"7 rings" is an absolute classic, the number of times I played this song in 2019 is insane. The opening chords are among some of the most iconic and recognizable in the history of pop music at this point. She samples Julie Andrews' "My Favorite Things" from The Sound of Music, but instead of "Brown paper packages tied up with strings", Ariana swaps out the original lyrics a little bit more opulence. "Breakfast at Tiffany's and bottles of bubbles, girls with tattoos who like getting in trouble, lashes and diamonds, ATM machines, buy myself all of my favorite things," she sings in the opening lines. On Twitter, she wrote, "Seven rings is just like.....a flex. Friendship anthem. How the homies WANT you to feel. What the ‘thank u next’ energy evolves into while embracing a new chapter (even though both moods /energies are very present)." 

Along with the sampling of the Sound of Music classic, she also interpolated The Notorious B.I.G.'s "Gimme the Loot", which is such an unexpected mashup of songs, but it works so well. The undeniable hip-hop influences paired with her classic pop sound is such a cool combination for her to be experimenting with. Much like her coining the term, "thank u, next" "7 rings" also brought forth some iconic one liners too, "You like my hair? Gee, thanks, just bought it" and "I see it, I like it, I want it, I got it", are just two of the most memorable lines from the chorus, but literally the entire song is made up of great lines like that.

The backstory of this song is just as extravagant as you'd expect. "It was a challenging fall day in New York,” she told Billboard in 2018, "Me and my friends went to Tiffany's together, just because we needed some retail therapy. You know how when you’re waiting at Tiffany's they give you lots of champagne? They got us very tipsy, so we bought seven engagement rings, and when I got back to the studio I gave everybody a friendship ring. That's why we have these, and that’s where the song idea came from." That day at Tiffany's is also referenced in the second verse of the song, "Wearing a ring, but ain't gon' be no 'Mrs.', bought matching diamonds for six of my bitches, I'd rather spoil all my friends with my riches, think retail therapy my new addiction". 

I can understand how some call this song materialistic and vapid, because it obviously is, but also that is pretty much the entire point of it. It's just meant to be a fun pop song, which is exactly what it excels at. With all of the glamour, champagne, pink, diamonds, and mile long hair extensions - what's not to love! Throughout much of this album, she kind of switches back and forth between portraying an idealized version of the pop star version herself and then showing who she really is underneath that. This song I view now as more of a character that she is playing into. In the context of the rest of the album, I do think the aura around it changes a bit and has an undertone of sadness to it, while trying to mask her problems with material items. Depending on the way you look at it, it's interesting the way the perspective of this song can switch up like that.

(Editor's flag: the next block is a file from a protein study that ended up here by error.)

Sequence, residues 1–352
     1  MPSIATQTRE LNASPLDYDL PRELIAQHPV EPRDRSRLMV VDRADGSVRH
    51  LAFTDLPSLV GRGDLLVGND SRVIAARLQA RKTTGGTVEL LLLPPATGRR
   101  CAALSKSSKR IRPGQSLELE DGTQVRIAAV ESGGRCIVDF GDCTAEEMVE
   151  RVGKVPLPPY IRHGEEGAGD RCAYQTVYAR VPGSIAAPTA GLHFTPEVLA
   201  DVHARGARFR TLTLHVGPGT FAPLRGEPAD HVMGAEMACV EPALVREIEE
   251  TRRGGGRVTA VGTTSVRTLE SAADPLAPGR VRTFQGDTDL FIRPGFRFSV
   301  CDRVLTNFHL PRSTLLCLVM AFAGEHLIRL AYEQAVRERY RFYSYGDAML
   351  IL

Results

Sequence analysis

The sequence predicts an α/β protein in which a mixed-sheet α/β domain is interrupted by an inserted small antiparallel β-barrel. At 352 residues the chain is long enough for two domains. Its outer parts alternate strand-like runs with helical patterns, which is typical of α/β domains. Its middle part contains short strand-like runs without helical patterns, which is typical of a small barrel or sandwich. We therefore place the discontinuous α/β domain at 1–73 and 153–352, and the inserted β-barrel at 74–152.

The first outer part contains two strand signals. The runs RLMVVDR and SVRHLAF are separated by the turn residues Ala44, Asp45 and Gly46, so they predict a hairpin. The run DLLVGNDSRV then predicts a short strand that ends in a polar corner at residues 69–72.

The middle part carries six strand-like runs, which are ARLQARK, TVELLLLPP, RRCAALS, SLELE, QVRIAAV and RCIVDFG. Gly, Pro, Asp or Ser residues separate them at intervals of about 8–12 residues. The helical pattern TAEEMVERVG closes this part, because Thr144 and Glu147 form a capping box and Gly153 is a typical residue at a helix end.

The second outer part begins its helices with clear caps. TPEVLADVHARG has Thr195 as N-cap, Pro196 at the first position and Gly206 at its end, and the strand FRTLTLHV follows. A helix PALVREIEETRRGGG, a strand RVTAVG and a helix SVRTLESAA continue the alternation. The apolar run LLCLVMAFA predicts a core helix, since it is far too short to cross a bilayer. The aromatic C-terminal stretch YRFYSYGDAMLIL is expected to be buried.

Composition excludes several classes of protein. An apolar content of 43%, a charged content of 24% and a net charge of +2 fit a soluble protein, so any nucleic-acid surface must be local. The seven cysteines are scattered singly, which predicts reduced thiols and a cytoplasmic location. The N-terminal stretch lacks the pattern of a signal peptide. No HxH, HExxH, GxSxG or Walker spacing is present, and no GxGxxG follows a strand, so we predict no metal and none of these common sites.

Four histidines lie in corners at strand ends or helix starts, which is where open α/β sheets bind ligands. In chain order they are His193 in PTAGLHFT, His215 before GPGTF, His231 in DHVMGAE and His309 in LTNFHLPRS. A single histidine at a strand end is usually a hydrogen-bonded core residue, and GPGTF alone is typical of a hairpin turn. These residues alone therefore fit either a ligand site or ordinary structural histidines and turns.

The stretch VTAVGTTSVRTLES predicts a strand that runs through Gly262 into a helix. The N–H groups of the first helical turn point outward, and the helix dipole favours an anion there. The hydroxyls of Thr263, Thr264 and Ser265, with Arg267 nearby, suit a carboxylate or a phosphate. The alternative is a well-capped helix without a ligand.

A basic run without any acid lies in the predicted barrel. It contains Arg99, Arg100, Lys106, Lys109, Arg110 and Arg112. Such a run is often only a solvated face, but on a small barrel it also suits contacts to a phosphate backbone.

The core of the rest of the album is made up of these two singles, "thank u, next" and "7 rings". "7 rings" represents more of the fun and idealized version of herself and the pop star persona she crafted, while "thank u, next" represents some of the more personal and reflective moments of the record. Both of those sides exist concurrently throughout.

The album opens with one of the best songs Ariana has ever made. It is also one of the most heartbreaking, too. She said it was written about "a simple, beautiful love that is now and forever unattainable". "Feels like forever, baby, I never thought that it would be you" she sings. She continuously asks throughout the song, "Why can't you imagine a world like that?" as she details all of the sweet, small moments of everyday life with this person, but is in denial over it ultimately never being able to work out. Much of this record is made up of those back-and-forth emotions she is facing in the grieving process and wishing things could have been different. It's as if she is daydreaming of what their life could have been like if things were different. "A lot of this album mourns failed yet important, beautiful relationships in my life (as well as celebrates growth/exploring new independence)," she wrote on her Instagram Story. "But for those of you asking about 'imagine': I would say if 'thank u, next’ = acceptance… 'imagine' = denial. Hope that makes sense." It is such a sad and heavy song, especially in context of the fate this relationship ultimately faced. I believe she only ever performed this song live twice because of how emotional it is. It is such a strong and powerful vocal performance from her though, the whistle tones at the end still give me chills when I hear them. She makes it sound so effortless!

The second track, "needy" is one of the most personal and introspective songs she has ever made too. It gives the listener a glimpse into a side of Ariana that I feel that she doesn't often show in her music. It is a relatively simple song where she isn't trying to be anything more than just herself, nothing fancy, not hiding behind any kind of persona or anything. I truly think she shines the most as an artist in these moments. I feel that "needy" is one of the first true glimpses we have ever gotten of who she is underneath it all. It is paired with gorgeous orchestral production too, which enhances this song so much. She takes accountability for her faults and downfalls in a really vulnerable way. It feels like it could have been on Sweetener, as many of these themes are present throughout that record too. "Lately, I've been on a roller coaster, tryna get a hold of my emotions" feels very reminiscent of lyrics from that album's closing track, "get well soon"